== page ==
Validation of utilizing the pediatric Sequential Organ Failure Assessment scoring system in patients with congenital heart disease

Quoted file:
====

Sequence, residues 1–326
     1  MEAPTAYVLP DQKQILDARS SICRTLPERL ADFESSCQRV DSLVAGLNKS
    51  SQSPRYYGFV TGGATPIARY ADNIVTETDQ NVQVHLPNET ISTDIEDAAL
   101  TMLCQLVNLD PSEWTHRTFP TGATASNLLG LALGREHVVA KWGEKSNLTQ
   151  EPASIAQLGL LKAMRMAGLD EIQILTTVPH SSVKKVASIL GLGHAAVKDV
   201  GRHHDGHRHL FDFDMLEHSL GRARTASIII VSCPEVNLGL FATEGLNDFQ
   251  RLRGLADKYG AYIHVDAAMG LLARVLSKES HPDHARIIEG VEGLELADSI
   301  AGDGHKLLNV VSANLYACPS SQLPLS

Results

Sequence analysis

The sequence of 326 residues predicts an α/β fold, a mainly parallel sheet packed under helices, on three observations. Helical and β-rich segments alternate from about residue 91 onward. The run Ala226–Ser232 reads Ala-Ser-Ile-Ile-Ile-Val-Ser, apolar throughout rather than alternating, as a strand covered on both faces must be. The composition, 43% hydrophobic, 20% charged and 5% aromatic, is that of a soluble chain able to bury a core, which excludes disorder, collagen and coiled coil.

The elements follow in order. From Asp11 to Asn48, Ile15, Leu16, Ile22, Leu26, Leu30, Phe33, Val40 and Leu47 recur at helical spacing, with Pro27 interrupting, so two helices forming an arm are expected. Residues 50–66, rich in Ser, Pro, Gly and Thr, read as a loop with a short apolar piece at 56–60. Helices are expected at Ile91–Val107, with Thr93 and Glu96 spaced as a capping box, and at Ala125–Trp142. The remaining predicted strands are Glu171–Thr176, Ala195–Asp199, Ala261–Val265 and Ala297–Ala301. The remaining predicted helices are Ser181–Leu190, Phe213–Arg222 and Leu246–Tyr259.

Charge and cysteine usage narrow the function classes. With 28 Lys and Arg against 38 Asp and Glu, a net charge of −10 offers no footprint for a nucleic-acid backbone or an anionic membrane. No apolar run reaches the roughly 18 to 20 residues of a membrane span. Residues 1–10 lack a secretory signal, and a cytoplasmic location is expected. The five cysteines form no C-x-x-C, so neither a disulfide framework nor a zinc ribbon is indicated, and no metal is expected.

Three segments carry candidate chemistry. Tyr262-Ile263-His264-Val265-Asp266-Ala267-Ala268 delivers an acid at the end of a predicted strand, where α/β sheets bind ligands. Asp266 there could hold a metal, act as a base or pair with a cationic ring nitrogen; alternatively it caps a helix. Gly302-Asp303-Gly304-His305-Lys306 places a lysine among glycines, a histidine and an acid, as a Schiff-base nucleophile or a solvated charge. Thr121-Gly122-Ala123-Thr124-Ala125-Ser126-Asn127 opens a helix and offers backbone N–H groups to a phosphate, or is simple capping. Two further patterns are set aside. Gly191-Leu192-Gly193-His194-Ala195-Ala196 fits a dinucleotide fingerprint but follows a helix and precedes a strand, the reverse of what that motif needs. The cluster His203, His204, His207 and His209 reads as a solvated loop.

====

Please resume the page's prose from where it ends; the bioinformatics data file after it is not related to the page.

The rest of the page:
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The Sequential Organ Failure Assessment has been used to track a patient’s status for over two decades. It essentially provides a numeric value to quantify the severity of organ dysfunction, most commonly used in sepsis (1). This assessment system was primarily developed for adult patients. However, this threshold cannot be applied in pediatric patients as organ function matures over time. A team of researchers published a paper in 2017 describing the SOFA scale adjusted for pediatric populations (Pediatric Sequential Organ Failure Assessment; pSOFA). Furthermore, they conducted a retrospective study to validate the use of their pSOFA scoring system in pediatric patients admitted to the general Intensive Care Unit. This demonstrated a good correlation with the study for adult patients (2). Patients with congenital heart disease (CHD) often have abnormal circulatory patterns, which can significantly affect cardiovascular and respiratory systems at baseline. This thesis project aims to explore the utilization of pSOFA in assessing the severity of illness in critically ill pediatric patients with congenital heart disease (CHD). Retrospective data collection was carried out in a population of patients with CHD during their stay in the Cardiac ICU (CICU) at Boston Children’s Hospital. Two pSOFA scores, separated based on using indirect vs. direct bilirubin values, were assigned each day spent in the CICU for 101 patients. Of these 101 patients, 50 had a diagnosis of cyanotic CHD while 51 patients had acyanotic CHD. pSOFA scores were compared between cyanotic and acyanotic patients with CHD as well as with a cohort of patients without CHD. This was an exploratory study which provides a deeper understanding for future analysis in order to validate the utilization of pSOFA in a population of patients with CHD.